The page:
• to ensure that every home is adequately and affordably heated.

The breadth of these objectives across social, economic, and environmental priorities, and the potential conflicts between them, suggest that sustainable energy policy faces a Herculean task in coordinating diverse and complex networks of organisations and people, technologies and practices operating across multiple scales on both the demand and production sides of energy systems. Problem definitions and policy objectives will differ between countries, but are all likely to pose similar challenges to the UK definition above. Guiding, steering or simply facilitating the creation of sustainable energy systems - sustainable energy governance - involves policymakers and other stakeholders trying to integrate across multiple objectives. Later chapters indicate this is far from evident in practice.

It is not the purpose of this chapter to define what sustainable energy systems may eventually look like. As we shall see, one challenge is to maintain a broad-based and meaningful public debate around our sustainability options, and to ensure there is sufficient legitimacy to direct significant resources to the development of a diverse portfolio of options. Even if it is possible for many people to share an imagined picture of a future sustainable energy system, its pursuit is likely to throw up many surprises, failures, and successes along the way, such that reappraisal, challenge, and resolve will be important. Whatever the driving vision for sustainability (if one emerges) and its consequences, this chapter assumes its governance will require significant efforts on the part of policymakers. This is clear for decentralised visions that rethink radically the ways we use energy; but it is also true for visions that remain close to the existing situation and 'simply' substitute highvolume carbon-emitting energy supply with nuclear and carbon capture alternatives.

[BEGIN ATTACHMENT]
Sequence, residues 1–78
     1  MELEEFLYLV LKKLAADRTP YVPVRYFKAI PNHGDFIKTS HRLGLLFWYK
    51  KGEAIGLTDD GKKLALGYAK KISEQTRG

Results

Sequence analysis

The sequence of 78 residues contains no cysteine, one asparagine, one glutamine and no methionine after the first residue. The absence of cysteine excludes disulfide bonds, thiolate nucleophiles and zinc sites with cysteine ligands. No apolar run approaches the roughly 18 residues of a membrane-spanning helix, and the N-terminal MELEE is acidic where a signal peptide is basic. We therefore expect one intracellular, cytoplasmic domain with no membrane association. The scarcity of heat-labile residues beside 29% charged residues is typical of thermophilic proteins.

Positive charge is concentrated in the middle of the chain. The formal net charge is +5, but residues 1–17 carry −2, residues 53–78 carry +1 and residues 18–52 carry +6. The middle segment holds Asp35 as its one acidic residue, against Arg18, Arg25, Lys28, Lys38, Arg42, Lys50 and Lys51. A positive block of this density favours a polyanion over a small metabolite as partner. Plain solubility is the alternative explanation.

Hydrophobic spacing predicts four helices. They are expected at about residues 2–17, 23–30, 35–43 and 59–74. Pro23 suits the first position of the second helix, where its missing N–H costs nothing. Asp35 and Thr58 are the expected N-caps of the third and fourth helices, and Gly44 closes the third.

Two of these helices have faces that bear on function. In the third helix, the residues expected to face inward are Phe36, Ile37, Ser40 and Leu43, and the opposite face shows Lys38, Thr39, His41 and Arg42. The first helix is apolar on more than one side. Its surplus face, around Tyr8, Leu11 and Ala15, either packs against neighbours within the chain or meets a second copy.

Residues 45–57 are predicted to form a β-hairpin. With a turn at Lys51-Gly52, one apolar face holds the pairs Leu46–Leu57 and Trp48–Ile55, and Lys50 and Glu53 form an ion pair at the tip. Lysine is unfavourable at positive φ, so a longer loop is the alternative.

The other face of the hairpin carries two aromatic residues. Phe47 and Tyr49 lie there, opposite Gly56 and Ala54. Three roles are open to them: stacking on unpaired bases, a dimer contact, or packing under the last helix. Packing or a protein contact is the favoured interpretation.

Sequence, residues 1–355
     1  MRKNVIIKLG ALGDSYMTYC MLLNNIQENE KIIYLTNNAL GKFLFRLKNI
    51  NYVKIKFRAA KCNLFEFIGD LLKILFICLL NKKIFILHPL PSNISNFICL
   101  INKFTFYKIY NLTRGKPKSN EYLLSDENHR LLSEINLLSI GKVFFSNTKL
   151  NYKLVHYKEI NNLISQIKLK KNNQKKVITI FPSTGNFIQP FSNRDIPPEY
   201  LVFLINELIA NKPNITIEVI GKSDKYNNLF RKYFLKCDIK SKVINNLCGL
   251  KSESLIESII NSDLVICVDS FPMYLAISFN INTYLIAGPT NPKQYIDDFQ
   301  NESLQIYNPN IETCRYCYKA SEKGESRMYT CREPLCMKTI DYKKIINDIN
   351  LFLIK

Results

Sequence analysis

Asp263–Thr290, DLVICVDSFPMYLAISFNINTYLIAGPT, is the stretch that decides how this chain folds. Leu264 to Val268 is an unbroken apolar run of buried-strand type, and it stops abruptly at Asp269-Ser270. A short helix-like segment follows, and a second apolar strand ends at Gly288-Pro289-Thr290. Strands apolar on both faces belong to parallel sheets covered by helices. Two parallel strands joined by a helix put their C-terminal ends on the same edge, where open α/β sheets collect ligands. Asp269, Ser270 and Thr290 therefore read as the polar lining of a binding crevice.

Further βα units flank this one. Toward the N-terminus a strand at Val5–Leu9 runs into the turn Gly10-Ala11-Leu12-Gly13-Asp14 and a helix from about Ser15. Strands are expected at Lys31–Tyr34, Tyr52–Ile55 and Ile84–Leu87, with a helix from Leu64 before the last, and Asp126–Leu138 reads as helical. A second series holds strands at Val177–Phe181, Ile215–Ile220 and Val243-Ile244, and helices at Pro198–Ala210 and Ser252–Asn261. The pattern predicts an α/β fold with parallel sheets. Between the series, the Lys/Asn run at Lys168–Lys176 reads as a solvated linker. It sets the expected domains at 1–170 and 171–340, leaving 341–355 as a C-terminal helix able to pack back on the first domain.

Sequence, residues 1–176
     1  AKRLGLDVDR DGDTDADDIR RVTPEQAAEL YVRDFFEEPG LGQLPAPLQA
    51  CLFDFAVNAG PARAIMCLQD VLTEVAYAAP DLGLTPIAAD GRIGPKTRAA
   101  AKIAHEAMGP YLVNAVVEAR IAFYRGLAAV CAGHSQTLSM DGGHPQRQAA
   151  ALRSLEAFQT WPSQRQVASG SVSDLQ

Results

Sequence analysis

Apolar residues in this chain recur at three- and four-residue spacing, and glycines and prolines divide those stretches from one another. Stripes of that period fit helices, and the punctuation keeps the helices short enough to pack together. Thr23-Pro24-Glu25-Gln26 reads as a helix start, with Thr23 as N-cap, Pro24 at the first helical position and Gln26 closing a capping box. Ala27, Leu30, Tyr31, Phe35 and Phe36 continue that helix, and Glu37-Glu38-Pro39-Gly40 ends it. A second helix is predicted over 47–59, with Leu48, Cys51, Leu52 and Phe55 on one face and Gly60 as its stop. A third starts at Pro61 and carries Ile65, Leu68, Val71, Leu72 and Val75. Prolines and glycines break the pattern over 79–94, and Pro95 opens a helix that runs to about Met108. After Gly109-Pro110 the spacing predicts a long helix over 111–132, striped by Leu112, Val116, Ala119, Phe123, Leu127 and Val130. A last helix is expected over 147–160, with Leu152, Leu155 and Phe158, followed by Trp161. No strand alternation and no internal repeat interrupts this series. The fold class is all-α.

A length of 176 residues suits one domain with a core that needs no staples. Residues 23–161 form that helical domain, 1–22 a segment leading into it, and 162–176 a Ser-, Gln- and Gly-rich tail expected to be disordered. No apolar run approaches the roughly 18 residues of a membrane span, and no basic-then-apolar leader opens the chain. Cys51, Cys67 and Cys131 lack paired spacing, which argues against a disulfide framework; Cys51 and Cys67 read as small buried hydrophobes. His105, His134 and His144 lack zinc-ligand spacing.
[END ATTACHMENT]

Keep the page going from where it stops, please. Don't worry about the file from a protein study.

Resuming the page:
Whatever the sustainability vision, what are the more generic challenges facing policymakers when seeking to reconfigure energy governance, irrespective of the precise policy framings, instruments or settings chosen for their use? 'Policy framings' were discussed in Chapter 3, and this term is used here to refer to those understandings shared among groups of policymakers and stakeholders about what the energy challenge is, and how it can best be tackled. Groups with contrasting policy framings often contest the proposals and their underlying analysis. Examples include framings that see energy use best served by market-based approaches around lower carbon fuel usage, or a frame that starts at the demand side and considers how modern life can be supported by energy services. 'Policy instruments' are those mechanisms that shape governance arrangements: measures such as the creation of a carbon emissions trading system, the provision of independent standards certificates that guarantee the performance of solar water heating systems, regulations for the operation of energy markets and subsidies regarding the upgrade of electricity networks, and the incorporation of energy skills in the formal training of the workforce. 'Policy settings' refers to the scope and extent of each mechanism: does it send out a strong signal or a weak one; is it highly prescriptive or more suggestive?